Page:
• Aluminum frame
• Wheel size: 29"
• Head Angle: 64.6° / 65.1°

Full Field Test article

Pros

+ Easy to get along with geometry
+ Good suspension spec

Cons

- Heavy, even for aluminum
- G2 brakes aren’t appropriate for a DH-oriented bike, wheels aren’t up to hard charging
- Poor standover, tall seat tube





Specialized Enduro S-Works

Basically a DH bike without a dual crown fork.

• Travel: 170mm
• Carbon frame
• Wheel size: 29"
• Head Angle: 63.9 / 64.3°

Full Field Test article

Pros

+ Near DH bike feel. Can handle pretty much everything and still pedal to the top.
+ The SWAT system is so good it’s hard to go back to bikes without it.
+ Very reasonable weight considering amount of travel and capabilities

Cons

- Seat tube angle could be even steeper - top tube length is relatively long.
- S-Works version is really expensive, but the next models down offer similar performance at more realistic price.





Yeti SB165

A pedalable park bike.

• Travel: 165mm
• Carbon frame
• Wheel size: 27.5"
• Head Angle: 63.5°

Full Field Test article

Pros

+ Very fun freeride/park bike that you can also pedal to the top of the hill
+ Excellent parts spec
+ Dual crown compatibility means it can be built into a mini-DH bike

Cons

- If you’re looking for outright speed then you may want to look at the SB150 or elsewhere
- Expensive, even compared to other high end carbon frames





Editors' Choice: Enduro vs Force 29 vs Slayer vs Mojo HD5 vs SB165







AFFORDABLE TRAIL BIKES


Canyon Spectral AL vs Ibis Ripmo AF

Finally, aggressive trail bikes that dental assistants can afford.


Canyon Spectral AL
• Travel: 150mm
• Aluminum
• Wheel size: 27.5"
• Head Angle: 66º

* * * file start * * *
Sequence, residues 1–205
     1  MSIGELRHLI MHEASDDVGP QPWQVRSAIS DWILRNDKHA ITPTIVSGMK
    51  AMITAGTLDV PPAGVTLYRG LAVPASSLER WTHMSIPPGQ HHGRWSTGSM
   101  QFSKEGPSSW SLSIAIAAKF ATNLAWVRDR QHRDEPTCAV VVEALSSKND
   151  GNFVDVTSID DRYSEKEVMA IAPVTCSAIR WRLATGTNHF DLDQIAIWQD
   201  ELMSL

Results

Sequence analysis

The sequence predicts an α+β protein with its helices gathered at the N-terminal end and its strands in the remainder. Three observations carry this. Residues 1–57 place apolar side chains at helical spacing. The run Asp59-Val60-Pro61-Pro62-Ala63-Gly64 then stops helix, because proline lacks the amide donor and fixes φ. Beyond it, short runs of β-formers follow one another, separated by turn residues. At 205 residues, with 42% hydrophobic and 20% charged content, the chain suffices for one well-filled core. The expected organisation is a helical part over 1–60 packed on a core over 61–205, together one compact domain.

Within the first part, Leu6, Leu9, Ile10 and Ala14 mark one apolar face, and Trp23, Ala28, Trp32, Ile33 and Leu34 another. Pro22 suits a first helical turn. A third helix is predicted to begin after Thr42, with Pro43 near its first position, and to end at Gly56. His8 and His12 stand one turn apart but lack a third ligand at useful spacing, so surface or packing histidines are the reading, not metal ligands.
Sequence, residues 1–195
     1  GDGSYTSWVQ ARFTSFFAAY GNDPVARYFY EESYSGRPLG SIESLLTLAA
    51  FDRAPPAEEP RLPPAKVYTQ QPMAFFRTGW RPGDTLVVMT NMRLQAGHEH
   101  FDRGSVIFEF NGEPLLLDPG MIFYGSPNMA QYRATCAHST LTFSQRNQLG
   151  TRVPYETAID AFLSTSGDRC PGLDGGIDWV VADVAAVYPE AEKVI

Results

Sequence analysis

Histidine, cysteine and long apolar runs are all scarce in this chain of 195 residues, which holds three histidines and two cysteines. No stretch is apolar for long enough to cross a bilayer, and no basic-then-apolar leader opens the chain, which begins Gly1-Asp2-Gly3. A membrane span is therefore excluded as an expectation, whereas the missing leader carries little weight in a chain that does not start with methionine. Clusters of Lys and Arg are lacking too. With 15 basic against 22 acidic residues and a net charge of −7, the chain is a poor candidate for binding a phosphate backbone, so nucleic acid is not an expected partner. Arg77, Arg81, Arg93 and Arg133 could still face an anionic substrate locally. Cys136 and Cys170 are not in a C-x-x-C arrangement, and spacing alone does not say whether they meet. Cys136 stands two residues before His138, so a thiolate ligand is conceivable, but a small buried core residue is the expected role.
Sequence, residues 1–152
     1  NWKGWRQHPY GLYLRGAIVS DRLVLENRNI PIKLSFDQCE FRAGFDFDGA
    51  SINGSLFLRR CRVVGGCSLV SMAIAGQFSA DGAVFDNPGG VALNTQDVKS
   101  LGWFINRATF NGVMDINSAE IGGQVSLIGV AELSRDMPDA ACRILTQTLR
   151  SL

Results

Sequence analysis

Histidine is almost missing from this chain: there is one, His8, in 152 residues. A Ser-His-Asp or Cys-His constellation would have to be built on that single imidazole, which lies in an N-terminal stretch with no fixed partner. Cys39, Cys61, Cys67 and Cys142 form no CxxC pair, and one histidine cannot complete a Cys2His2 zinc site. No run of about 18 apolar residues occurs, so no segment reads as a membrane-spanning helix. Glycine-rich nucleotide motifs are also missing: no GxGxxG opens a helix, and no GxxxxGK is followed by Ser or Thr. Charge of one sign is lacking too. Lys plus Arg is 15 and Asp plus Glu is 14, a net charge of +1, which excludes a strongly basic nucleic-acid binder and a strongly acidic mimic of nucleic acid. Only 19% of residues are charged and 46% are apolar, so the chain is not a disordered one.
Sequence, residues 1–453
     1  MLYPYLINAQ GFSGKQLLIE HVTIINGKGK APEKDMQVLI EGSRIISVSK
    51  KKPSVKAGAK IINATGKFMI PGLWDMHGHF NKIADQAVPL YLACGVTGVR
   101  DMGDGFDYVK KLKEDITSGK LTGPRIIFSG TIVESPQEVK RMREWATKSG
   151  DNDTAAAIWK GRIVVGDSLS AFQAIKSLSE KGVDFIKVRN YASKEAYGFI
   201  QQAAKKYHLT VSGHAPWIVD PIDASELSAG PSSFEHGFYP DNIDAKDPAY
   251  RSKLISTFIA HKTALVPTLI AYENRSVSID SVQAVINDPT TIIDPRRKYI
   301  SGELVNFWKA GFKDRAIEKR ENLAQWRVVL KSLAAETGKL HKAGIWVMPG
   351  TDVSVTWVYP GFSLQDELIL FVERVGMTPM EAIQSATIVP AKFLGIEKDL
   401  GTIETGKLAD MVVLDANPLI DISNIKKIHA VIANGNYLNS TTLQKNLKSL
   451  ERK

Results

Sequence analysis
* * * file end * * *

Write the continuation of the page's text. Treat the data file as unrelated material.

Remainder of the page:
What it Does Best

One ride and you'll understand the Spectral is all about attitude. Its suspension delivers more trail feedback than I would like, but the flip side is how precise it feels while jumping or setting up for corners. The rigid aluminum chassis keeps the bike on line when you are banging over roots and rubble too. That racey feel, however, can bite you when rain and sludge grease up trail features, which occasionally had me wishing for more sensitivity. That said, Canyon's Spectral AL 6.0 feels fast and aggressive - tailor-made for hard chargers who push and pump every trail feature. It's a massive amount of bike for $2,900.

Ibis Ripmo AF
• Travel: 147mm
• Aluminum
• Wheel size: 29"
• Head Angle: 64.9º

What it Does Best

"Everything." During the Field Tests in Whistler, I took the Ripmo AF to the park, did some Lost Lake XC laps, put down runs on techy classics like Dark Crystal and Ride Don't Slide, and wasted a lot of play time on flow trails. It's one of the most enjoyable, easy handling trail bikes I've had the pleasure to ride. It climbs, corners, jumps and drops like an extension of your body. We switched bikes often, especially while filming, and everyone was visibly faster, happier, and more confident aboard the AF. Last year, if a unicorn slid down a bolt of lightning and told me $3,000 dollars would buy a bike like this, I would have laughed. Ibis easily won this round of PB's affordable trail bike Field Tests.

Full Field Test article





Marin San Quentin vs. Specialized Fuse

Capable hardtails that won't break the bank.


Marin San Quentin
• Travel: HT with 130mm of front suspension
• Aluminum
• Wheel size: 27.5"
• Head Angle: 65º